These Common Rules were in the form of a short statute, in which the goal of monastic life was stated to be: becoming similar to God through love. And not only is it necessary to grow in love of God through prayer and labour, but also by word and example, drawing one’s neighbor towards God. To attain this goal, it is necessary to renounce the devil, the world and oneself, take up one’s cross and follow Christ through poverty, chastity and obedience, while living a life in common. All this is laid out in four short chapters.

Introducing the Common Rules, Metr. Rutskyj’ said: “Over a long period of time, I gathered (the rule of life) from the various writings of our saintly Father (Basil) and divided them into several main sections for easier understanding and memorization.” Some of the rules, he composed himself, not finding in St. Basil what was necessary for his day and age.

It is interesting to note that in the title of these Common Rules, Metr. Ruts’kyj hid behind the authority of St. Basil. He ascribes his Common Rules to St. Basil, because he was totally convinced everything was according to the Eastern monastic tradition. He ascribes the constitutions to St. Basil and calls him “our saintly Father,” “patriarch and founder of the Order.” Together with his monks, he celebrated the feast of St. Basil the Great in a special manner and desired to return to the zeal that prevailed at the time of St. Basil.

Until now, it was believed that these Rules had no Western influence. But when I compared them with the Jesuit constitutions (of 1606, which he employed), it proved that of the 68 rules Rutskyj had borrowed 10 from the Jesuits. In some other rules, there are some similarities, but it should remembered that St. Ignatius Loyola also modelled his work on St. Basil’s, and Jesuit novice masters were directly ordered to read the Rule of St. Basil the Great.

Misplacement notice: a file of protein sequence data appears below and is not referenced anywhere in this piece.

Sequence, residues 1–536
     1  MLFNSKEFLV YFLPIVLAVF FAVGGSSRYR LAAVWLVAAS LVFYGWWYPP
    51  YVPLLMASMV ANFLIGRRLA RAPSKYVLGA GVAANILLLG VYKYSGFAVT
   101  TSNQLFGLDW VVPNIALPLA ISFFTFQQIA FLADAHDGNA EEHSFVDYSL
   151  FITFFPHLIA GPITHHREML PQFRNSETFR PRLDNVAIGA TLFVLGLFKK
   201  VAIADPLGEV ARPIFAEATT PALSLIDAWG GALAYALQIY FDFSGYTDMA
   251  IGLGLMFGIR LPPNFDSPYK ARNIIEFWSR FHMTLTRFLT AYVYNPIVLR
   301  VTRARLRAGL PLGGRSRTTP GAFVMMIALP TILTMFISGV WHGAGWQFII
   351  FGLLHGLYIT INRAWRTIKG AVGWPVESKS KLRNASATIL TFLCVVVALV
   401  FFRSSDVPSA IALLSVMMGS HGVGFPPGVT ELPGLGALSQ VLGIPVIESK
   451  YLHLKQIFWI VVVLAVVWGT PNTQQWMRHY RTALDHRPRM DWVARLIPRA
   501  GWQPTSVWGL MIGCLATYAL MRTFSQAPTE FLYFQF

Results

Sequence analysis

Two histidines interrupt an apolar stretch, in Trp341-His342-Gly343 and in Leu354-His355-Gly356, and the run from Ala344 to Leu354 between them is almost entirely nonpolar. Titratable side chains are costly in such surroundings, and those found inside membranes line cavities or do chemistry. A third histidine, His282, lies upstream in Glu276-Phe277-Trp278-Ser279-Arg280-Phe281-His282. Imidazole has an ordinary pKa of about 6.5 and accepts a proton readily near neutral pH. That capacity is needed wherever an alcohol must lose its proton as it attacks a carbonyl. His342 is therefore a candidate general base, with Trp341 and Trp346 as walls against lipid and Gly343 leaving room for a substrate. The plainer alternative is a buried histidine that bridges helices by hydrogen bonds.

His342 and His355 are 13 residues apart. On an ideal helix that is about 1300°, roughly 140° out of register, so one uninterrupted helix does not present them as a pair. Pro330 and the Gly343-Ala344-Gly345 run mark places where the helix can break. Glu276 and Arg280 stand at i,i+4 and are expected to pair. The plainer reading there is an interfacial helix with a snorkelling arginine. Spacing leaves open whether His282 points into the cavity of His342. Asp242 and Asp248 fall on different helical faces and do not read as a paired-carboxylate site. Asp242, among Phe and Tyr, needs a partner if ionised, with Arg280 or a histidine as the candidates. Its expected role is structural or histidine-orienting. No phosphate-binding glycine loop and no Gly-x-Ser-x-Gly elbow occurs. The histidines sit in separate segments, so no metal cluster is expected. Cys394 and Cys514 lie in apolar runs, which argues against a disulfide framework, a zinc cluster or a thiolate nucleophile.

Later Basilians, who published the Common Rules, cited the writings of St. Basil beneath each rule. The peculiar attachment to St. Basil and the citing of his works remains with the Basilians to this day.

Some boldly assert that “no Eastern monks have even the right to call themselves Basilians” (so wrote the famous scholar, Jean Gribomont, New Catholic Encyclopedia, vol. 2, p. 48), but many orders and congregations, who today call themselves Basilian, draw their spirituality from the writings of St. Basil and consider him as their spiritual Father. There are five Basilian Orders in the Eastern Church (plus one Latin).

Metropolitan Ruts’kyj in some way adapted these Common Rules for Basilian nuns in the Kyivan Metropolia. Those Rules were first published in 1771 in Polish, under the title: The Statutes of our Father St. Basil the Great and the Spiritual Lessons of the Blessed Memory Joseph Veljamyn Ruts’kyj, Metropolitan of all Rus’, printed in the Basilian Fathers’ Press in Minsk for the greater benefits of the Nuns of the same Order. The second edition of the Statutes, under the same title, appeared in Polotsk in 1807, and the third edition in 1854 in Rome, under the same title, for the monastery Macrina Myecheslavska, in Italian.

In 1897, when Metropolitan Sylvester Sembratovych appointed Hieromonk Andrew Sheptytsky as visitator for the nun’s convents, a kind of reform began. The number of Basilian nuns began to grow when Basilians monks were appointed as their masters of novices, confessors, and spiritual directors. There were various proposals to give them other Rules, such as those from different Eastern Orders or adapted from Latin Orders. In 1909, Metropolitan Sheptytsky translated our Statutes into Ukrainian, dividing them into sections, adding quotations from St. Basil to those rules of Metropolitan Ruts’kyj and printing it under the title: “Extract from the Rules of St. Basil the Great Father compiled by Veljamyn Rutsk’ij, Metropolitan of Rus’. Constitutions of the female OSBM monasteries of the Galician Province” (Zhovkva: Basilian Fathers’ Edition, 1909).

Metropolitan Andrew wrote about these rules:

At each step, I marveled at his (Ruts’kyj’s) great spirit and extraordinary talent. He knows St. Basil so well that certainly every day for many years he must have taken into his hands the works of this Great Patriarch… Of all the monastic writers I would say that perhaps only our Saintly Father Theodore Studite is greater than him… In a word the “Extract” (Ruts’kyj’s Rules) are a true gem… of Basilian literature from the 16th century to this day…